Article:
This relatively simple pressure infiltrometer is a Mariotte type infiltrometer constructed from non-corrosive materials (Plexiglas, PVC, Teflon). The device uses the mechanical-hydraulic principle without need of an external energy supply. The device is portable and easy to set up and can be operated by one or two workers. The device enables the measurement with acceptable accuracy of the cumulative infiltration of ponded water from the infiltration ring. The metal infiltration ring (inner diameter of 15 cm) is equipped by its own water gauge for reading the constant water level H in the infiltration ring at a certain time after the start of the infiltration experiment. The depth of metal ring penetration into the soil can be up to 10 cm.
The infiltrometer can supply water during the experiment up to the amount corresponding with saturated hydraulic conductivity
K=77 m day-1.
Watch the video in order to see how to use this pressure infiltrometer.
Description of the infiltrometer
1 - Piston valve to open or close the water outlet
The selected spot for the infiltration experiment needs to be prepared first; the grass needs to be cut (or removed). It is also possible to apply this device on the stages of the soil pits. The infiltration ring is then driven (hammered, but with minimum disturbance to the soil) into the soil to the position of the water gauge. A protective pad from the porous material is placed into the infiltration ring to protect the soil surface against clogging. The infiltrometer is then placed on the infiltration ring; the water reservoir is filled with water from a portable water reservoir. Before taking the device into the field, the level of ponded water in the ring was pre-set on the infiltrometer in the laboratory (i.e. 10 cm).
When the valve at the top infiltrometer is opened, the infiltration experiment starts. After several seconds the soil surface inside the infiltration ring is ponded with water, the water level in the infiltration ring rises until it reaches its constant value. The water level in the infiltration ring can be monitored in the water gauge.
The steady-state infiltration, which takes place after longer time period of water infiltration, is generally described by an equation from Reynolds and Elrick (1991) and Reynolds et al. (1985) which has the following form:
where Q is the amount of infiltrated water (L3 T-1), a is the radius of the infiltration ring (L), G is the function of the infiltration surface geometry (L), Φ is the flow potential (L2 T-1), ψ is the water potential (expressed as pressure head h in length units (L).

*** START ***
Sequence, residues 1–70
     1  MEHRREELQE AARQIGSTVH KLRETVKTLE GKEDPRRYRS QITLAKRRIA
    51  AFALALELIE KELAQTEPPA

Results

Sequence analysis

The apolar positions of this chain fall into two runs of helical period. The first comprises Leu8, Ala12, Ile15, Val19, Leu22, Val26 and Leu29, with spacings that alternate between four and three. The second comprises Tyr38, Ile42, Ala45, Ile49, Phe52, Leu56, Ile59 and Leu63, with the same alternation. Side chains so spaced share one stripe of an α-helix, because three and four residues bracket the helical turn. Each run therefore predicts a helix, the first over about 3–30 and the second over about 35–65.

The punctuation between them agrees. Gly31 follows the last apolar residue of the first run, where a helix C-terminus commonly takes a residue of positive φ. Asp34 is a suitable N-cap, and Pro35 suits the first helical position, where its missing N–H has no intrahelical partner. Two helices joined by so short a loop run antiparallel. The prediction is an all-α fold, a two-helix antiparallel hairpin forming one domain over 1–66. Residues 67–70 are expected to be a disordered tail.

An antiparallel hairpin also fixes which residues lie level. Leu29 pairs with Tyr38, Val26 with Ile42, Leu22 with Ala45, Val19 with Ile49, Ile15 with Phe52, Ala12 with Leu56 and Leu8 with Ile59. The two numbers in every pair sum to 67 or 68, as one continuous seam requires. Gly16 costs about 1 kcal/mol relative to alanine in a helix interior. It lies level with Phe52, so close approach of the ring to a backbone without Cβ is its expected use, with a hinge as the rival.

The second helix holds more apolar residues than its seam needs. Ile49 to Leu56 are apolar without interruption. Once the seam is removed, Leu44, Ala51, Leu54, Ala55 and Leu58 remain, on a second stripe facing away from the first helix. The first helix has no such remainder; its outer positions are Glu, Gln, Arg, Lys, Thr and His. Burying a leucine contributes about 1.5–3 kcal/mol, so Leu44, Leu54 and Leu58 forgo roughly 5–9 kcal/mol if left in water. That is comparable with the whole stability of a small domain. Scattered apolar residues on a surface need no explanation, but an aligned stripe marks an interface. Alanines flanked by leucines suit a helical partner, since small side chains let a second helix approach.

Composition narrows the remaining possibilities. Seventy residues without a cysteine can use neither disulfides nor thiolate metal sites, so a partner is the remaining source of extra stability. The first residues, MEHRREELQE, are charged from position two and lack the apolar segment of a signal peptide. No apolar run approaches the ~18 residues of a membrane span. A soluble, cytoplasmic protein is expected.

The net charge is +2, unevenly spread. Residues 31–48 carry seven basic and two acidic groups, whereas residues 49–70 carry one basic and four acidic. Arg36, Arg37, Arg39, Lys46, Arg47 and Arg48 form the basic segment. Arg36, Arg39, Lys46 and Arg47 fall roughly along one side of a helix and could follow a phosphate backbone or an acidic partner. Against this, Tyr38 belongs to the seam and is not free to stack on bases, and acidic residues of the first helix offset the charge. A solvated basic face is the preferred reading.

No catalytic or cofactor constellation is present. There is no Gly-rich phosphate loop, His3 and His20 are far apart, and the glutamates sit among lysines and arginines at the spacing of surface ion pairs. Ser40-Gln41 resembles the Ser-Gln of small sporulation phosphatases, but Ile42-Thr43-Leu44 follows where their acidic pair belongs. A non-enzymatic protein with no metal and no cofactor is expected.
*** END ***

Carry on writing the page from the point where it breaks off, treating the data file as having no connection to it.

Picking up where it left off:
where Qti is the steady infiltration (L3 T-1), a is the radius of the infiltration ring (L), Gti is the shape factor (L3 T-1), H is the hydraulic head of ponded water in the infiltration ring (L), α is a parameter (L-1) (Philip, 1985 and 1987; for pressure infiltrometers details can be found in Elrick and Reynolds, 1989), K is the saturated hydraulic conductivity (L T-1).
where d is the penetration depth of the infiltration ring into the soil (L) and a is the radius of the infiltration ring (L)
where h is the water level drop in the infiltrometer reservoir after the elapsed time interval Δt
Elrick, D.E., and Reynolds, W.D. (1989) Water Flux Components and their measurements. Proc. App. Soil Physics in Stress Environments. Jan 22-26 NARC. Islamabad, Pakistan.
Elrick, D.E., Reynolds, W.D. (1992) Methods for analysing constant head well permeameter data. Soil Science Society of America Journal, 56, 309-312.
Matula, S., Kozáková, H. (1997) A simple pressure infiltrometer for determination of soil hydraulic properties by in situ infiltration measurements. Rostlinná výroba, 43, 405-413.
Reynolds, W.D., Elrick, D.E. (1991) Determination of hydraulic conductivity using a tension infiltrometer. Soil Science Society of America Journal, 55, 633-639.
Reynolds, W.D., Elrick, D.E., Clothier, B.E. (1985) The constant head well permeameter: effect of unsaturated flow. Soil Science, 139, 172-180.
Philip, J.R. (1985) Approximate analysis of the borehole permeameter in unsaturated soils. Water Resources Research, 21, 1025-1033.
Philip, J.R. (1987) The quasilinear analysis, the scattering analog, and other aspects of infiltration and seepage. In: Y.S. Fok (Ed.) Infiltration, development and application. Water resources Research Center, Honolulu, USA, 1-27.